The Court of Appeals next analyzed the granting of summary judgment on the basis that defendant did not owe a duty to plaintiff. The Court noted that the critical issue in this analysis was foreseeability, as “the critical question [was] whether it was foreseeable that [plaintiff] would be victimized and hazed as a pledge with [the fraternity].” The Court pointed out that the Vice President of Student Affairs testified that he knew the fraternity had a reputation for “hazing incidents involving death and/or serious injuries” on the national level, and that the chapter at defendant college had been suspended in 2012. In addition, while the chapter was on probation, the college received a report from a parent that her son had been hazed by the fraternity. Because of this knowledge of prior hazing incidents, the Court found that summary judgment based on a lack of duty was “not supportable.”
Finally, the Court reviewed the trial court’s findings regarding defendant’s vicarious liability for the actions of Mr. Walker. To establish an employer’s vicarious liability, “the plaintiff must prove (1) that the person who caused the injury was an employee, (2) that the employee was on the employer’s business, and (3) that the employee was acting within the scope of his employment when the injury occurred.” (internal citation omitted). Defendant argued that “the alleged intentional acts of hazing committed by Mr. Walker could not be construed to have been carried out in the course and scope of his employment,” and that it could thus not be held vicariously liable for those intentional acts. The Court of Appeals agreed, affirming summary judgment on vicarious liability claims as they related to any intentional torts by Mr. Walker.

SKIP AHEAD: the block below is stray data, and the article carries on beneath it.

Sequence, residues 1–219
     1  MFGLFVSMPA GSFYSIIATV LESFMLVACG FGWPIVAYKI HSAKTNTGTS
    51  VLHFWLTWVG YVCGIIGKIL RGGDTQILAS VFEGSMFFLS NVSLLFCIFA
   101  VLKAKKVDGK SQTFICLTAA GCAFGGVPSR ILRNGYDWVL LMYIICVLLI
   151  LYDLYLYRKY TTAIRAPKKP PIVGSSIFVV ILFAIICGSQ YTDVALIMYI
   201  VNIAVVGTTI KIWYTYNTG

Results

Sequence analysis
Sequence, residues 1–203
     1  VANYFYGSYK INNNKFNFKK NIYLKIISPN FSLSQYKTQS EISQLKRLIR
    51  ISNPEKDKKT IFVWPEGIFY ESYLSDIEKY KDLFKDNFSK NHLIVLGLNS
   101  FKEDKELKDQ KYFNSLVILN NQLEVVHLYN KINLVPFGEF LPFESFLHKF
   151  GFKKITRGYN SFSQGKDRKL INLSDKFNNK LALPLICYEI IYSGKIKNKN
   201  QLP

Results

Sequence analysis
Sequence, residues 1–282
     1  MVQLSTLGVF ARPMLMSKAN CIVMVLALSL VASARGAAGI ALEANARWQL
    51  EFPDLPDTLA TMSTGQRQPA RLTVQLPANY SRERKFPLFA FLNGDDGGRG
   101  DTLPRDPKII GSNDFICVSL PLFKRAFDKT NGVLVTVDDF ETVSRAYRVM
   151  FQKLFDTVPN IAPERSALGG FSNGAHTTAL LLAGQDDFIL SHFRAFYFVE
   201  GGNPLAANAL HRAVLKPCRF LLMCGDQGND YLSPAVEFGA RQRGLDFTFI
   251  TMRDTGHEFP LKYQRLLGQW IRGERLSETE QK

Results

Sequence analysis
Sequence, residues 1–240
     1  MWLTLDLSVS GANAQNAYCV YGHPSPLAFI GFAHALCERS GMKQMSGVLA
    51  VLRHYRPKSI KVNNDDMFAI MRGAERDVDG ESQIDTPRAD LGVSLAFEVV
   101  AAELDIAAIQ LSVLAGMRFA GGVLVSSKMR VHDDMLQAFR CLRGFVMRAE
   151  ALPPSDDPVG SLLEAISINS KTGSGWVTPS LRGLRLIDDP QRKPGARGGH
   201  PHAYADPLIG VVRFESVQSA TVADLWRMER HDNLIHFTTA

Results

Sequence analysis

The Court went on to explain, however, that it agreed with plaintiff that allegations of Mr. Walker’s negligent acts in “failing to intervene in, stop, or report hazing…could serve as a predicate for imposing vicarious liability.” The Court pointed out that Mr. Walker was the faculty adviser of the fraternity, and that said position “came with the specific expectation that he would monitor the pledge process.” Mr. Walker testified that “part of his responsibilities as faculty advisor was to make sure that students were not hazing other students to become members of [the fraternity].” Further, because Mr. Walker was also a member of the fraternity, he was not barred from viewing membership activities that might involve rituals, and he was thus “able to see what was happening with the fraternity in a way that [previous advisors] had not.” The Court rejected defendant’s assertion that Mr. Walker’s activities as faculty advisor were not within the scope of his employment as an Area Coordinator for the school, noting that “[e]mployees of a university may wear more than one hat.” Based on these facts, the Court of Appeals ruled that summary judgment based on vicarious liability for Mr. Walker’s negligent actions should be overturned.
Summary judgment based on comparative fault, lack of duty, and vicarious liability for any negligent actions was thus overturned; summary judgment based on vicarious liability for any intentional acts by Mr. Walker was affirmed.
The Court of Appeals made the right decision in reversing this summary judgment. Plaintiff presented evidence through his own testimony, the testimony of others, and an expert witness that created genuine issues of material fact in this case.
NOTE: There was no oral argument in this case. It decided six weeks after the final brief was filed.